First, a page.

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Environmental Inspections During Real Estate Transactions

Now that spring is right around the corner, we have been receiving a lot of phone calls about environmental inspections and testing prior to purchasing a new property. Some people have a general idea of things they want checked out per recommendations of their traditional home inspector. Examples include potential mold in an attic or 9”x9” tile in the basement which may contain asbestos. However, more and more we are getting calls from people who want testing beyond what is covered in a traditional home inspection, but don’t know where to start. Here are three common things that we recommend checking out prior to purchasing a new property.

Mold and Moisture
Although traditional home inspectors will find major moisture issues and many structural issues which may cause moisture problems, finding subtle moisture issues may require calling a specialist. Not many home inspectors are trained in mold inspections or testing. We believe scanning the property with an infrared camera and moisture meter is a key step during pre-purchase inspections. Having mold sampling and testing isn’t always needed, however if there is visible growth, moisture issues, or if you are sensitive to mold it should be something to consider. Moisture is not only a key requirement for mold growth indoors, but high moisture levels also pose other risks in a home such as pests like insects or rodents. Moisture problems can be complex and hard to fix completely, so the best time to find out these details is before you own the property!

Radon
Radon is a colorless and odorless soil gas which is the second leading cause of lung cancer, behind tobacco smoke. The EPA says 1 in 15 homes in the US have elevated levels of radon, and the only way to know if your home or prospective home has high radon is to test. The EPA has placed each county in the US into “zones” which predict the average radon level indoors. Several Illinois counties are in the highest radon zone. Radon testing is an easy step to have peace of mind. It is best performed during a real estate transaction so the price of any needed mitigation system can be negotiated into the final sale price. If any problems are found, we can connect you to licensed contractors with a proven track record.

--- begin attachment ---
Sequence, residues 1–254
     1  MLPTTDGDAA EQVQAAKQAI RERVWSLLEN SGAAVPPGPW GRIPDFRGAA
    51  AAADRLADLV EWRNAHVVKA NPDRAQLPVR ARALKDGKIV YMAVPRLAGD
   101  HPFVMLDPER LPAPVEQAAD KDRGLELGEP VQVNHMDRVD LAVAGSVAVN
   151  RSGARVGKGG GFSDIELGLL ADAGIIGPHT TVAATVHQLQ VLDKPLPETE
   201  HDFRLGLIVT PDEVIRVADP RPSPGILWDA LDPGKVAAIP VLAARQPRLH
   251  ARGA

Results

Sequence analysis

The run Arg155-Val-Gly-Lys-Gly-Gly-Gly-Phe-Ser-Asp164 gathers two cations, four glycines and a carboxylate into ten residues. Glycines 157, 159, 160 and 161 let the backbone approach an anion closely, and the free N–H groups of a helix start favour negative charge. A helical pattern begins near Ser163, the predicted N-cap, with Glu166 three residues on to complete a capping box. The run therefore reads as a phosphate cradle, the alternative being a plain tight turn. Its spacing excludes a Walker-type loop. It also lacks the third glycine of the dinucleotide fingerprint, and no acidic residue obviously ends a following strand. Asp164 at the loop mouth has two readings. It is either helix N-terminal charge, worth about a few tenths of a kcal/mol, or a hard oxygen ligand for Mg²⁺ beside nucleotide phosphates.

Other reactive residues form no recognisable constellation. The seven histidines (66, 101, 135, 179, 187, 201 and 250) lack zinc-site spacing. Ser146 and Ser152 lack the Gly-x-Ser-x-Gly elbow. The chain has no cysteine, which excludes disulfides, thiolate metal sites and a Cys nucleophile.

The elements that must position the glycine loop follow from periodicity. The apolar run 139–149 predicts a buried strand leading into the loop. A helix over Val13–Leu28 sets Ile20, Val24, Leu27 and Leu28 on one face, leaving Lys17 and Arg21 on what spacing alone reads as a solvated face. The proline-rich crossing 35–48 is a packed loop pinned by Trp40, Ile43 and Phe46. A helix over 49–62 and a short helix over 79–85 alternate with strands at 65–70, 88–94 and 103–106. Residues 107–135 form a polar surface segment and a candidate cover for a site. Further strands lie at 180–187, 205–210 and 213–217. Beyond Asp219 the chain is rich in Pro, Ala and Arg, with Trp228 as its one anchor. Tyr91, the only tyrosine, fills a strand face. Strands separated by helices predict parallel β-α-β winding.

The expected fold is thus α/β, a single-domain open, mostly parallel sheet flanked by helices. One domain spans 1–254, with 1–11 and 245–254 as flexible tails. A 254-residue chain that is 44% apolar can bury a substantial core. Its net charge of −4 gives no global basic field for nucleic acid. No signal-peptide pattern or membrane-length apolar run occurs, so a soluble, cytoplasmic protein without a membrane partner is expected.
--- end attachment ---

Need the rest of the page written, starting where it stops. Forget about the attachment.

Asbestos
Asbestos has been phased out or banned for use in most building materials for years, however with the average age of homes in the US at around 35 years there are still a large amount of homes which could have asbestos containing materials. Asbestos was used in a number of building materials due to its natural fire resistance. Asbestos is a fibrous mineral which can cause various respiratory diseases when it becomes airborne and inhaled by humans. When asbestos containing materials are undamaged and undisturbed there is very little risk of health issues, however when friable materials become damaged, fibers can be released into the air. If you or your home inspector find any suspect materials, especially if they are worn or damaged, you should call a licensed inspector to check it out.

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One thought on “Environmental Inspections During Real Estate Transactions”

  1. I am currently working to purchase a home in the south east U.S. During our inspection, a small area (maybe 8″x4″) of mold growth was found in a cabinet under a sink as well as several spots on an air vent in another room. I’m not sure how to interpret the report we received and if we need further investigation. Of course our inspector says he he can’t help us interpret the results. Basically the report shows this:

    Cabinet- Low Asp/Pen, High Chaetomium, Low Cladosporium
    Vent- Rare Alternaria, Rare Bipolaris++, Rare Curvularia, Rare Epicoccum, Rare Taeniolella

    Key indicates measurement is “count/per area analyzed” and that Rare = 1 to 10, Low = 11 to 100, medium = 101 to 1000, and high = >1000

    Any help in interpreting would be greatly appreciated!

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